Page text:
Reverse-pressure back-flush in pilot scale, dead-end ultrafiltration of surface water

Jacobs E.P. ; Bradshaw S.M. ; Botes J.P. ; Pillay V.L. (2005)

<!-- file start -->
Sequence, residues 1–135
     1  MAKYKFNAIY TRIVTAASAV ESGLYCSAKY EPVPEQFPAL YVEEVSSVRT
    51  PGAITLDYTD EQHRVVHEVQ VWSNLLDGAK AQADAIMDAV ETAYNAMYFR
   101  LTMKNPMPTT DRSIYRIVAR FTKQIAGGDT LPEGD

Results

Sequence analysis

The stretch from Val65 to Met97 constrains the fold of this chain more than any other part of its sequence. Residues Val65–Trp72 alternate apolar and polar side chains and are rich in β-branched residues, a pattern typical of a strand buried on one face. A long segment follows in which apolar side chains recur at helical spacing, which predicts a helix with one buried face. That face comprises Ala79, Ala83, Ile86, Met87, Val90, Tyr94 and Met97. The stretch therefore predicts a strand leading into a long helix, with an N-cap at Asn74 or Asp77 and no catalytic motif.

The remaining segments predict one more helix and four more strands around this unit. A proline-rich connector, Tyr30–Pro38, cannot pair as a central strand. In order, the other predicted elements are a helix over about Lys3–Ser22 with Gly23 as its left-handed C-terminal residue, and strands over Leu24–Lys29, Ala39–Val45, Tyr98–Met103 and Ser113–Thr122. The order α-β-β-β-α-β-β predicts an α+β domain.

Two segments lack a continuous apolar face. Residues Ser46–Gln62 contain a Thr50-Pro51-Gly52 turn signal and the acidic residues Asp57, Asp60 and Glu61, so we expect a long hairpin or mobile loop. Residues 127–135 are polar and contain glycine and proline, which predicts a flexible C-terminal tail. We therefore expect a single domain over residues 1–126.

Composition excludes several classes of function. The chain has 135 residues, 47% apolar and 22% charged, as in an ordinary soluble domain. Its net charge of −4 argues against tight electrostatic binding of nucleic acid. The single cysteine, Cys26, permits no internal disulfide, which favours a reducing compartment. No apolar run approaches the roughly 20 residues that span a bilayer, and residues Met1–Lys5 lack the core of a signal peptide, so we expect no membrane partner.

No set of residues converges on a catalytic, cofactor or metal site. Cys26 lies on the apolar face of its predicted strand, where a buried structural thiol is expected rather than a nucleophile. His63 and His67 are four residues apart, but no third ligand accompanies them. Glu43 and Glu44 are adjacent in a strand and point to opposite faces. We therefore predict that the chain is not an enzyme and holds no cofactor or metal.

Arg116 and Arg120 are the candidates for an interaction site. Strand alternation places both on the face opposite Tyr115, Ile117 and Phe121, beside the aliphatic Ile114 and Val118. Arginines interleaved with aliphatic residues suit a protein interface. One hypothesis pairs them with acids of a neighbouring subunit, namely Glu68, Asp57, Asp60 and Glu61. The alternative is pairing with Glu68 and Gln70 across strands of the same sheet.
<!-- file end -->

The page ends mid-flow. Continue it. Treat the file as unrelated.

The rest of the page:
A simple protocol that makes use of the inertia of water to generate a rapid negative pressure differential across capillary ultrafiltration membranes is reported. This short-interval back-flush technique, preceded by cross-flow forward flush, was evaluated as an alternative to conventional back-flush to maintain membrane flux productivity in a pilot dead-end filtration application. Intermittent back-flush conditions are created when a reverse-pressure pulse, during which product is drawn in the reverse direction through the membrane wall, is introduced. The duration of the negative pressure-pulse peak is very short (1-2 s), after which it subsides and levels out in accordance with the net positive suction head of the centrifugal pump used to recirculate the feed. Reverse-pressure spikes of up to -90 kPa, which subside after only a few second to -40 kPa, were generated. The combined effect of reverse-pressure pulsation sequence of events is that of (i) a short back-flush (direct result of negative trans-membrane pressure conditions that are introduced) and (ii) flow destabilisation (sudden retardation and start-up of lumen-flow) during a forward flush that precedes the reverse-pressure pulse event. The reverse-pressure pulse technique was evaluated in a dead-end filtration pilot study producing potable water from a surface resource without the addition of chemicals. The membranes suffered no adverse effects and their flux performance was maintained reasonably well, even though the feed water turbidity reached values as high as 90 NTU during the exercise. © 2004 Elsevier B.V. All rights reserved.

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